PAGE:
Hon. Janet Kataaha Museveni. (Minister of Education and Sports)
Education Ministry Champions Play-Based Learning to Boost Child Development, Learning

In a move to revolutionize education, the Ministry of Education and Sports has pledged to champion learning through play. Recognizing the pivotal role of play in childhood development, the Ministry aims to integrate play-based learning into the national curriculum to foster holistic growth among students.
This initiative comes in response to global recognition of the importance of play in education. In March, the UN General Assembly designated an International Day of Play to underscore its significance.
The Permanent Secretary Ministry of Education, Ms. Ketty Lamaro emphasized that Uganda recognizes that play is not just a frivolous activity but the cornerstone of childhood development.
“This is reflected in the Early Learning Framework for learners aged 3 to 5 years, the Primary School Curriculum for learners aged 6 to 12+ years, and the Lower Secondary School Curriculum. Through play, children learn to explore, create, and imagine,” she said in a statement before the launch of the first-ever National Play Day.
Ms. Lamaro added that it’s on the playgrounds, in the fields, and amidst laughter that children develop crucial skills like communication, problem-solving, critical thinking, and teamwork. Play is where they learn to navigate the world around them, building resilience and adaptability along the way.
Historically, play-based learning has been a part of Uganda’s education system for centuries. In the past, playful activities were common in schools, teaching cooperation and creativity while teachers guided children as they explored and created on their own.
However, in recent times, a perception has developed that play is trivial to learning. Many “serious” schools have sidelined play in favor of rigorous academic and rote learning methods.
In these settings, nursery and primary children may spend entire days confined within four walls, with little opportunity for play. Those who attempt to engage in playful activities may even face punishment, such as caning, for deviating from strict academic pursuits.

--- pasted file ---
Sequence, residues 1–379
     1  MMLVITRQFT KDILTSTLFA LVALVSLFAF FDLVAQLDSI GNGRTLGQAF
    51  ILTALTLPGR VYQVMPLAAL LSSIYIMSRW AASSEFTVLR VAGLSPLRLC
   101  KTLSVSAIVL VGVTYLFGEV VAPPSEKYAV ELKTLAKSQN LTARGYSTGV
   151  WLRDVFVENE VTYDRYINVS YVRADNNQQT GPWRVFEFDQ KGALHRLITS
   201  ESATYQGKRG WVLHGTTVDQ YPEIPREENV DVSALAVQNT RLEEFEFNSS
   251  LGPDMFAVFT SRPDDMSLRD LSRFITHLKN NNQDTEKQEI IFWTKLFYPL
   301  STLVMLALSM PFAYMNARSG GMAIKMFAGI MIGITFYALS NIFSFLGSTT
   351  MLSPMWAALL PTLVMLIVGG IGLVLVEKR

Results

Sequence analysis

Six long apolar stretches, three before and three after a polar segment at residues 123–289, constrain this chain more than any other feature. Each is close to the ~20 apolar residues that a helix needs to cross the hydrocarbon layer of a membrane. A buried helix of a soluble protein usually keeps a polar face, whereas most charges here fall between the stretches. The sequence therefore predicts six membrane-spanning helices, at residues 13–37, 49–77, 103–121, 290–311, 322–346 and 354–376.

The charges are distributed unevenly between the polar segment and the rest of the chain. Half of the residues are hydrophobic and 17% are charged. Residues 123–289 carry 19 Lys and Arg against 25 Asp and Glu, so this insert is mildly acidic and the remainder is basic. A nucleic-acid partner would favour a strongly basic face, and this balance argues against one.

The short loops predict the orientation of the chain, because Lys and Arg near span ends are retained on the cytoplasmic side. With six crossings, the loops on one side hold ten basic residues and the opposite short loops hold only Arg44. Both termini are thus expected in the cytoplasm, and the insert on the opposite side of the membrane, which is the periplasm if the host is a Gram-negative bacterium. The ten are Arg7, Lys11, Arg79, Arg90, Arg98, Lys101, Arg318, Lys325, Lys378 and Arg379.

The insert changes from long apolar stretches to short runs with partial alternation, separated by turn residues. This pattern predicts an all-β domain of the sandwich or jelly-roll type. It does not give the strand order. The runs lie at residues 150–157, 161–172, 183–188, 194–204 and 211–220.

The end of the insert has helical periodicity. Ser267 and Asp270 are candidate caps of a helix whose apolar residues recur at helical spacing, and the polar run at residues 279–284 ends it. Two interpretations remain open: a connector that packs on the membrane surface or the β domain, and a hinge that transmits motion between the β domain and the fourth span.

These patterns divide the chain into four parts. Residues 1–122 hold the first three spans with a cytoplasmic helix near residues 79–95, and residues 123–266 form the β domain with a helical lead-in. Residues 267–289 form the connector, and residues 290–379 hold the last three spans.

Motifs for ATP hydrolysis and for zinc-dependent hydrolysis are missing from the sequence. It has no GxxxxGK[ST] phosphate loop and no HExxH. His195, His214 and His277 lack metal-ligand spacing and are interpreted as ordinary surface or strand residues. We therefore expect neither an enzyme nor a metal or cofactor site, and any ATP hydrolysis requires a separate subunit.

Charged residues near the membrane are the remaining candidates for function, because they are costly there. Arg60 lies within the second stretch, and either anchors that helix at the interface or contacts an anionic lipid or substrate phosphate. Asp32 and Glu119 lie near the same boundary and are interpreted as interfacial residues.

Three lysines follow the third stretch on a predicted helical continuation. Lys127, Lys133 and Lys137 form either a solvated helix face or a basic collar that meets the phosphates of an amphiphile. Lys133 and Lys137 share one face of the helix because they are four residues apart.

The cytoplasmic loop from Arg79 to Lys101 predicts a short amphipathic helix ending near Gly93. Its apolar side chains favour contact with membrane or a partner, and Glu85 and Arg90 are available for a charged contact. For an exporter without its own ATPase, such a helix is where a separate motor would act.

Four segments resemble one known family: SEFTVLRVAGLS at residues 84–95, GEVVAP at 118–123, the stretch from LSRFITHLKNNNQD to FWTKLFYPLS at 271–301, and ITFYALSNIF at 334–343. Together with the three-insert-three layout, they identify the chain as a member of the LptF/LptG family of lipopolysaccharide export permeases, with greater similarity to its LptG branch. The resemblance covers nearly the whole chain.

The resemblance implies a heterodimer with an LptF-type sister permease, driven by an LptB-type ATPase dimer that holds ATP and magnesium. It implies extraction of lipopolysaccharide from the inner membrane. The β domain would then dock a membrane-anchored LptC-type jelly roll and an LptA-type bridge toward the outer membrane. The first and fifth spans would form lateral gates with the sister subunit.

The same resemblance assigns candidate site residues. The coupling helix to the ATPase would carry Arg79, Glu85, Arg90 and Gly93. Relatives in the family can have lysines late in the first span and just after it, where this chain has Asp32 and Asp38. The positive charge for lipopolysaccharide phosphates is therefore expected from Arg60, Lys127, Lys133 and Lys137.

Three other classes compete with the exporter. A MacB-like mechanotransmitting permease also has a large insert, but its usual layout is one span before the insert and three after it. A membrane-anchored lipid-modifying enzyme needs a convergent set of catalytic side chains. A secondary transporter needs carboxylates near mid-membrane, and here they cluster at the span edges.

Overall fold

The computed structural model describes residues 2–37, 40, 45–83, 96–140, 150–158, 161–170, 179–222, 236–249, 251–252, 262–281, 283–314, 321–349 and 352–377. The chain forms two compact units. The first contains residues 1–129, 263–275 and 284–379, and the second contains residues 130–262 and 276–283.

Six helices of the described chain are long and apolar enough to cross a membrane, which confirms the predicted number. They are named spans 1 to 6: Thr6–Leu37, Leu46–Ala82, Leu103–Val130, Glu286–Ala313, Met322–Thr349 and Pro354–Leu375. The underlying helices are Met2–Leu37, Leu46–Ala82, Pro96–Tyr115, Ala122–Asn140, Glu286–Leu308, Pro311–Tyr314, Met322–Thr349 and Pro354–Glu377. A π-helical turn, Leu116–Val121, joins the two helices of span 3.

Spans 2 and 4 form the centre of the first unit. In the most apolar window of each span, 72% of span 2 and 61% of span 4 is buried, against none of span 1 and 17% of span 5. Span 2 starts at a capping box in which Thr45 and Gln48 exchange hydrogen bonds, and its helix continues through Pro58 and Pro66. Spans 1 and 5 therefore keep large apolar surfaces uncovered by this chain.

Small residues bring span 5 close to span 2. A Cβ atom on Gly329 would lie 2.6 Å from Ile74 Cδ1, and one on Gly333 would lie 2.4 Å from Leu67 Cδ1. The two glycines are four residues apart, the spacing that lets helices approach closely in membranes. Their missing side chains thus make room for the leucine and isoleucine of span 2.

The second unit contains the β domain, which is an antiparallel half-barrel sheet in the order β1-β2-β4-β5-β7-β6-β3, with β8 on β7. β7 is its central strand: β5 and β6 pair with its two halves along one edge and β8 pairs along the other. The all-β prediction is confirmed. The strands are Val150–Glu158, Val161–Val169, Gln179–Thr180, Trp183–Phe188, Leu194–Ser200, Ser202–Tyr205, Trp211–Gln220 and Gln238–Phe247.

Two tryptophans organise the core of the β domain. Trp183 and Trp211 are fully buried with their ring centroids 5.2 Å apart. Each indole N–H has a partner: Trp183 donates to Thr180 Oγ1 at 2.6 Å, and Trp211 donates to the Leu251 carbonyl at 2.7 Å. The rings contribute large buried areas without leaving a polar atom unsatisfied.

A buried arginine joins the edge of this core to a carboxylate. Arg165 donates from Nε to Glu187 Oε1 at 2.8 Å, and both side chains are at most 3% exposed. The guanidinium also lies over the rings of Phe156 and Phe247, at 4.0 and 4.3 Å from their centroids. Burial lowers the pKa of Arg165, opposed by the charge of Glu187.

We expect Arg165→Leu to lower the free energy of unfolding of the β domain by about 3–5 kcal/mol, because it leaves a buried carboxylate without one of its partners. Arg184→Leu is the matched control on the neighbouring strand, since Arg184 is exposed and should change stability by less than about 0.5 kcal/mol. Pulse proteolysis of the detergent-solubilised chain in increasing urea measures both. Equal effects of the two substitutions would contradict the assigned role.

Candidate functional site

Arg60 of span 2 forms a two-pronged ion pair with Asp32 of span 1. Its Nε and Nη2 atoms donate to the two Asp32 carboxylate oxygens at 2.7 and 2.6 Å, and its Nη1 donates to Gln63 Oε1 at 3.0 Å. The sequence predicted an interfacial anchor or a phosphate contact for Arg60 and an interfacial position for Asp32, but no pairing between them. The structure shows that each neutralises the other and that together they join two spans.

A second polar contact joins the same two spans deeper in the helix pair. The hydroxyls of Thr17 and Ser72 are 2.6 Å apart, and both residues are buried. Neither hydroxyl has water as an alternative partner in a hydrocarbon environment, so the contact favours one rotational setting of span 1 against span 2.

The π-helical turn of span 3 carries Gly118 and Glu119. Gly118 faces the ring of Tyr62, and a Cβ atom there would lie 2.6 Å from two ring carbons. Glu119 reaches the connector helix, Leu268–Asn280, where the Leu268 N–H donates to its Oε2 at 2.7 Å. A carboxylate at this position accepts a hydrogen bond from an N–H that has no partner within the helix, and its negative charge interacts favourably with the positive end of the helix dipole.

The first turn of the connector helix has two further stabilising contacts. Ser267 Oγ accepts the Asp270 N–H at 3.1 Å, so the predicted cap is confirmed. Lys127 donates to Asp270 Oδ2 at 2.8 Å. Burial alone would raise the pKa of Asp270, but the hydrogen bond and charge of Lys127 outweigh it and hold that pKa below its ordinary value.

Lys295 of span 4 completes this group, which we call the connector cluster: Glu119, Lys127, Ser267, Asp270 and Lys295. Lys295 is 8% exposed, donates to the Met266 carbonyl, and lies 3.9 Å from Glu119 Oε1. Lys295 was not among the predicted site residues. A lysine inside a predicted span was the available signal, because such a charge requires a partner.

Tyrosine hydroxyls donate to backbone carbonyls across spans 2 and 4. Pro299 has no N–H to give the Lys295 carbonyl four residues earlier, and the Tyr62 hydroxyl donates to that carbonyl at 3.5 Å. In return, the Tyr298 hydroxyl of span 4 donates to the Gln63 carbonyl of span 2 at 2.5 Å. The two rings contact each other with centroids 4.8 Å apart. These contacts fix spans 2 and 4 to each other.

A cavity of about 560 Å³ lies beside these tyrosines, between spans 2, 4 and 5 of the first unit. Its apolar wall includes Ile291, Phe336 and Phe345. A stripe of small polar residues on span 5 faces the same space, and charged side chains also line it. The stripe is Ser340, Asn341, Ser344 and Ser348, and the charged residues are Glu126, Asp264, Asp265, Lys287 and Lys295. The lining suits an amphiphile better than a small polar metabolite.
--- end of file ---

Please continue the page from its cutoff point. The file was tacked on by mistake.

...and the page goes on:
Despite its undeniable significance, play is often overlooked or undervalued in Uganda’s education system. The Permanent Secretary acknowledges that in many communities, children lack safe and accessible spaces to engage in play.
“This is a reality we must change. Every child deserves the opportunity to play freely, to run, to jump, and to dream without barriers. It’s on this basis that playgrounds are considered a basic requirement for any school to be licensed or registered by the Ministry of Education and Sports,” Ms. Lamaro noted.
The Ministry of Education is committed to working with stakeholders, including parents, to ensure that play is emphasized in teaching and learning through the retooling of teachers, providing instructional materials, and sharing effective practices for learning through play.
The Permanent Secretary also revealed that the Ministry has begun developing the National Guidelines for Learning through Play, with the National Curriculum Development Centre and Basic Education Department leading the process.

Ms. Janet Kataaha Museveni, Minister of Education and Sports, stated that as the Ministry moves to support and awaken learning through play, teachers, parents, and communities must dispel the misconception that play is trivial, insignificant, counterproductive, or merely a pastime for children.
“When children are supported to learn through play, their life skills and values are enhanced; they become morally and spiritually upright and emotionally intelligent. Play shapes their cognitive and communication skills. It also helps children become strong problem solvers and critical thinkers. Besides this, play contributes to human capital development right from the initial stages of a child’s life, so that by the time they begin formal education, they have an idea of what they want to be,” she said.
She highlighted that although play was crucial both at home and in school in the past, the turbulent conflicts from the late 1960s to the mid-1990s led people to prioritize survival. Consequently, children lost their societal role, and play became restricted.
To promote the initiative, the government will provide support for the training of Centre Management Committees, ensuring schools adhere to basic requirements and minimum standards, including the provision of play materials.
However, she emphasized that fostering learning through play should be everyone’s responsibility. “It’s imperative that we all ensure children within our spheres of influence are nurtured and encouraged to learn naturally through play, facilitating their full potential.”
Play-based learning has evolved into a critical approach to enriching student engagement, fostering inclusivity, and nurturing comprehensive skill development. Research underscores the multifaceted impact of play, emphasizing its substantial contribution to brain development, with 80% achieved by age three and 90% by age five.